10. Genny B
    July 27, 2014

    The saddest part of this is that I live in an area of the United States where the average salary is $98,000 for govt workers and all of the tech people. The rents here are average $1,200-$1,500 for a one bedroom in a decent area that is not crime ridden and a pleasant environment to live in peace. I am moving across the country to get a break on my housing costs for apartment rental. It is sad to see this article when these Millennials with thier thirst for granite counter tops in the kitchens of rental apartments and all of the other posh amenities apartment complexes are giving to be competitive are moving from all over the US to this area and many areas in other parts of the US are really suffering.

  11. Hannah Stewart
    July 27, 2014

    Jennifer, though I agree with some of your comments especially those having to do with people buying too much processed food, I do feel like you’re being unfair in some ways. You mentioned being able to feed your family of 3 well on $90 a week. There are many, many families who have at least one working adult yet still can’t come up with anywhere near $90/week for food. After rent, utilities, gas to get to work, etc. there simply isn’t enough money left over. (And they don’t ALL own big-screen TVs.) Living expenses continue to rise, quickly, but wages remain the same or are sometimes even lowered, as per Gord’s post. It happened to me. Solidly middle-class, same job for 23 years, company shut down. Found another job but that company declared bankruptcy and the employees took concessions. Same mortgage;about a third of my old paycheck so I work 55 hours a week just to make ends meet. Not possible to put anything into savings. 57 years old now and harder to get hired at my age. Don’t be so judgmental; at least wait until you’ve heard someone’s whole story.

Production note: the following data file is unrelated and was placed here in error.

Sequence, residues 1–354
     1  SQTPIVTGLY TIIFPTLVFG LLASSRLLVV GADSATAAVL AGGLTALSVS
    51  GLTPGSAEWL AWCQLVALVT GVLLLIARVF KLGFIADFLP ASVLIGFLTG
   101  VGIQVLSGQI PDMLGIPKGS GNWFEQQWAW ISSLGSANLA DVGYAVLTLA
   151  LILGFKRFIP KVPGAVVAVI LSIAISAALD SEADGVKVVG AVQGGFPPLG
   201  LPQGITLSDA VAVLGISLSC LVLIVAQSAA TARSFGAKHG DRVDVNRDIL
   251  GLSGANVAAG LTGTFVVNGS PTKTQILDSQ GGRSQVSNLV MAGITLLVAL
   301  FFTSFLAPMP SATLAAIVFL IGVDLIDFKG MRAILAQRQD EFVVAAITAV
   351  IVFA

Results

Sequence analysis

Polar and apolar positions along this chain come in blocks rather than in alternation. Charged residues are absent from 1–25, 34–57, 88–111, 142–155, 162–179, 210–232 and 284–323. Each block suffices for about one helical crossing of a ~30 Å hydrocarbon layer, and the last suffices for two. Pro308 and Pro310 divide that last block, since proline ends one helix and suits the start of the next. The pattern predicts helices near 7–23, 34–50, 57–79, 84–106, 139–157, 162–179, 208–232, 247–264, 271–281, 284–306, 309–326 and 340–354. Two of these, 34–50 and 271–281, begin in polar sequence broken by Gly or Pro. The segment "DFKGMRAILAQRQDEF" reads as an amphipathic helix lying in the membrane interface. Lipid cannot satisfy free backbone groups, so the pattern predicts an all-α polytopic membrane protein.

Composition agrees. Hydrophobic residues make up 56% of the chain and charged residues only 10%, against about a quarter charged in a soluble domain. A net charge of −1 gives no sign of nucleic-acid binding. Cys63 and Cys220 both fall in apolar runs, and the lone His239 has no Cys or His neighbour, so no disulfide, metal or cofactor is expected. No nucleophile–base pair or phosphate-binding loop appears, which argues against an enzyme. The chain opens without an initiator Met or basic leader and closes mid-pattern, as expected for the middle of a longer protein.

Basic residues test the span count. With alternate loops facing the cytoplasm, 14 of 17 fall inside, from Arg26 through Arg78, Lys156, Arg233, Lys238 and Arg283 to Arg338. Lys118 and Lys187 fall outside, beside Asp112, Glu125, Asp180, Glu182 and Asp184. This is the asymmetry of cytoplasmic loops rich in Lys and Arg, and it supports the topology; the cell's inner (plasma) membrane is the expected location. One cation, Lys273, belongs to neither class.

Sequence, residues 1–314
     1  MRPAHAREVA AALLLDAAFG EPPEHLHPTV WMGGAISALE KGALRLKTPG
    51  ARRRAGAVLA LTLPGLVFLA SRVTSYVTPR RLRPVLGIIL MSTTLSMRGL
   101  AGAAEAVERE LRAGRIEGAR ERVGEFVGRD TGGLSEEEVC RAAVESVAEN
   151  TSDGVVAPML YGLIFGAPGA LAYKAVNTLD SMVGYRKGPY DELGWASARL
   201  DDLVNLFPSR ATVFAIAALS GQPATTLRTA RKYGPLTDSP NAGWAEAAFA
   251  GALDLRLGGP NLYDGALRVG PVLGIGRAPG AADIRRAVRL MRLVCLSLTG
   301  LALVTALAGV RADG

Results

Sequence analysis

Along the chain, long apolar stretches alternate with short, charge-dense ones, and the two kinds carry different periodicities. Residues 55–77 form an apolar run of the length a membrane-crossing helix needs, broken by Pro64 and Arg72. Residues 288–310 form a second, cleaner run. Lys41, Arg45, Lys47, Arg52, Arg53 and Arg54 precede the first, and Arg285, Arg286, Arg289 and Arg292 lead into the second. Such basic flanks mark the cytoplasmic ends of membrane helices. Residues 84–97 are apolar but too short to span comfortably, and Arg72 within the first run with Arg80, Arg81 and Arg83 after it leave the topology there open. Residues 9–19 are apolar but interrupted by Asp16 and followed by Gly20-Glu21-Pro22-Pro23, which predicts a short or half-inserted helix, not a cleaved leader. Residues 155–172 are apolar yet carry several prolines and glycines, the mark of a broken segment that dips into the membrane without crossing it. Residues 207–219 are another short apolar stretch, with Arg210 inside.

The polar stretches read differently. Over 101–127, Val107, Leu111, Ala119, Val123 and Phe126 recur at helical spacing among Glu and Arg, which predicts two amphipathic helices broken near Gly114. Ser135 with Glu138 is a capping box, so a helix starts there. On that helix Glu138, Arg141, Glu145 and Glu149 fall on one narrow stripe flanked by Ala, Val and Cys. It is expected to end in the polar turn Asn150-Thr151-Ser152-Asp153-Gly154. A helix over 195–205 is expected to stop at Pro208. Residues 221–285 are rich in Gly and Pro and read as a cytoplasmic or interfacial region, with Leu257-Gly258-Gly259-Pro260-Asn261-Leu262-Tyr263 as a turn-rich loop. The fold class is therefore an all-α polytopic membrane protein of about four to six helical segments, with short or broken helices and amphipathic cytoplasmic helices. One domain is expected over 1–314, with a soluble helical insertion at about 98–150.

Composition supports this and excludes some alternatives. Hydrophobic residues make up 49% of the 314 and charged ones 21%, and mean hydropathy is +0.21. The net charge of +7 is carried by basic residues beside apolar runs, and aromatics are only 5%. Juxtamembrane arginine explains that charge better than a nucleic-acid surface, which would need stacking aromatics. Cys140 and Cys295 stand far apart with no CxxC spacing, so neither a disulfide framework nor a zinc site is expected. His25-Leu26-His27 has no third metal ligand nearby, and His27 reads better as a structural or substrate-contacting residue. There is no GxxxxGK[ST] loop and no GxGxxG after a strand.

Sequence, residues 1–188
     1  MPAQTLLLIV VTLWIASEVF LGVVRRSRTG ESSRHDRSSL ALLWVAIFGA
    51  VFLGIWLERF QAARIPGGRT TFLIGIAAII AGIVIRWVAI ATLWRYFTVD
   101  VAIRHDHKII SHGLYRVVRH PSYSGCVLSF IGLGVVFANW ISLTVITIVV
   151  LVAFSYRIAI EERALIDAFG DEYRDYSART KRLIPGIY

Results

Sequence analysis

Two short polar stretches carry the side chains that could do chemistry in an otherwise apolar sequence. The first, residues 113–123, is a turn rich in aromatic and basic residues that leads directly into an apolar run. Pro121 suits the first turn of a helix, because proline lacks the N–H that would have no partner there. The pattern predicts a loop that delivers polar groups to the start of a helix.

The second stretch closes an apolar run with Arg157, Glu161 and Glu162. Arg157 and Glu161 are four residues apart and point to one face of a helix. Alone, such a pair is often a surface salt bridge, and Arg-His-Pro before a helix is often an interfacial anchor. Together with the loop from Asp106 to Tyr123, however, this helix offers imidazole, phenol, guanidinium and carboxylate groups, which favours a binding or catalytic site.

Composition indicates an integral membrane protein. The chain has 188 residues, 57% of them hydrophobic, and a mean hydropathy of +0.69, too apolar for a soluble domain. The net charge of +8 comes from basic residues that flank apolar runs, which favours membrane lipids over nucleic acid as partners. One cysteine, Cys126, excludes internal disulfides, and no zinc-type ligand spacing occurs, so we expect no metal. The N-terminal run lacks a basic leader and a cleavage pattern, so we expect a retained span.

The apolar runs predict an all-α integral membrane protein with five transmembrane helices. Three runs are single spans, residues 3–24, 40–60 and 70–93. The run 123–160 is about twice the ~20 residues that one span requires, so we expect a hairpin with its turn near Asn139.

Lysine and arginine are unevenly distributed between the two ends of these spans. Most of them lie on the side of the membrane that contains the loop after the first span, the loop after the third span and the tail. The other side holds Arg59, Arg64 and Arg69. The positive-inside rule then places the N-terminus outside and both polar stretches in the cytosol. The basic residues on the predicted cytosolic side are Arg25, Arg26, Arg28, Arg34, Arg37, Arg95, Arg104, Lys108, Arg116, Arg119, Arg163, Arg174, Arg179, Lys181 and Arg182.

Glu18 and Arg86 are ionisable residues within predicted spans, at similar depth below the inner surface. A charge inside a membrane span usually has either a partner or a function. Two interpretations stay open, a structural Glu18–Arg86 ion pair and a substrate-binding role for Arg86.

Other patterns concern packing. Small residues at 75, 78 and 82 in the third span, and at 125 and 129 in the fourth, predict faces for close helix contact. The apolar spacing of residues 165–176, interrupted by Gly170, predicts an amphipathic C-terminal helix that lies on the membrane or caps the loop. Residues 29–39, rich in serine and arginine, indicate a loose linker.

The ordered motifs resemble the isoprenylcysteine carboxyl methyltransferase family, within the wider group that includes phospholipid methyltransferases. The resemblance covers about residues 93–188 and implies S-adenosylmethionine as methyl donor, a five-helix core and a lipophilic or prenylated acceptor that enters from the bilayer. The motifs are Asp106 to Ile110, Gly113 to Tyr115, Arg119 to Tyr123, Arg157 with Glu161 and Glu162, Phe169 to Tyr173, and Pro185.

12. anemarie
    July 27, 2014

    This should NOT be happening in the USA

  13. paula
    July 25, 2014

    sadly this is true in the uk.cheaper to eat junk food,soaring rents,our welfare system paying people to breed.instead of using that money to better themselves most people keep having kids

  14. Ricardo
    July 24, 2014

    Gord, I didn’t mean people are hoarding or abusing the system, but I do see a generalized problem. People seem to have children beyond their monetary capabilities. It leads down a spiral that is very difficult to get out of.

    People should think about their lives in the long term. If you don’t have a job that you know will be there for YEARS (talking about 10-20) to come, then don’t make the commitment to have 4 or 5 children. Having children means you need to keep providing for them for 20 years, at the very least.

    The use of contraceptives is obvious here. People are not going to restrain themselves from having sexual relations, so keep doing it, but without putting your future, and the future of your significant others and dependents at risk.

  15. June Hagen
    July 24, 2014

    Hi everyone, Is it Politically Incorrect to suggest that many families need some ideas about how to use the Food Pantry items to the best advantage? What good is ten pounds of flour if you haven’t thought that you can make biscuits, muffins, pancakes or bread with it?A wonderful feeling of accomplishment can come from something you make, and the cost is so low. I really believe that it is possible to feed a familiy with the food stamps and the other items if they have recipes that are quick and tailored to the foods available. Also hints, such as ,frozen foods are as vitamin rich as fresh, and take a sandwich to work instead of buying fast food.
    These Moms want to do right by their kids and all they need is to see that it is possible.

    June Hagen

  16. Gord
    July 24, 2014

    This comment is directed in response to Ricardo, his comment and input. Not sure if you were referring to myself or someone else Ricardo, but in some ways you are right. I know of and have heard of more than one family that has had two or three generations living off Welfare/Social Assistance/OW here in Canada.

    Unfortunately, please do not tar everyone with the same brush because you feel as some have, that is all people that are not earning enough are humping like bunnies in their spare time. They “LOVE” being poor watching their children starve and they themselves go without, just so that they can have more sex??? There are individuals in all situations that will constantly abuse the system, and start doing math, saying,’Well if I get x number of dollars for one child, I will get more for two,three etc. The males that help “procreate” these bonuses, usually are only thinking about one thing, sorry two things. They are thinking,”Hey I get to have sex tonight!” Or that one night stand, no responsibility, no hassles, they aren’t going to get pregnant.